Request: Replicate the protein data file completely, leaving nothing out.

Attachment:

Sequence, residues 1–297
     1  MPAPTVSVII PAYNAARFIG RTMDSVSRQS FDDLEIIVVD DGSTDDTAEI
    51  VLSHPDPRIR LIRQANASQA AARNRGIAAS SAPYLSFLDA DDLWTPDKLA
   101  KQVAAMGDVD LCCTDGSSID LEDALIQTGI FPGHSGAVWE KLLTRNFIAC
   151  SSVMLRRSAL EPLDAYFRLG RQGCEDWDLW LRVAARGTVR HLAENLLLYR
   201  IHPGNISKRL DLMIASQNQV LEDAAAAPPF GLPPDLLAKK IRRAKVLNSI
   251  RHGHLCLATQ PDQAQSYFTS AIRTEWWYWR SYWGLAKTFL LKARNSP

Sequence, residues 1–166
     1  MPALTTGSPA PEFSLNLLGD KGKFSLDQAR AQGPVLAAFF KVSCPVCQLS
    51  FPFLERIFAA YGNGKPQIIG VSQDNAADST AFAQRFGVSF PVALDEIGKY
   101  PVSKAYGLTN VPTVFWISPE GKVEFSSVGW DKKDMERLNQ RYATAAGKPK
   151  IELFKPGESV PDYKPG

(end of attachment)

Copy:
Sequence, residues 1–297
     1  MPAPTVSVII PAYNAARFIG RTMDSVSRQS FDDLEIIVVD DGSTDDTAEI
    51  VLSHPDPRIR LIRQANASQA AARNRGIAAS SAPYLSFLDA DDLWTPDKLA
   101  KQVAAMGDVD LCCTDGSSID LEDALIQTGI FPGHSGAVWE KLLTRNFIAC
   151  SSVMLRRSAL EPLDAYFRLG RQGCEDWDLW LRVAARGTVR HLAENLLLYR
   201  IHPGNISKRL DLMIASQNQV LEDAAAAPPF GLPPDLLAKK IRRAKVLNSI
   251  RHGHLCLATQ PDQAQSYFTS AIRTEWWYWR SYWGLAKTFL LKARNSP

Sequence, residues 1–166
     1  MPALTTGSPA PEFSLNLLGD KGKFSLDQAR AQGPVLAAFF KVSCPVCQLS
    51  FPFLERIFAA YGNGKPQIIG VSQDNAADST AFAQRFGVSF PVALDEIGKY
   101  PVSKAYGLTN VPTVFWISPE GKVEFSSVGW DKKDMERLNQ RYATAAGKPK
   151  IELFKPGESV PDYKPG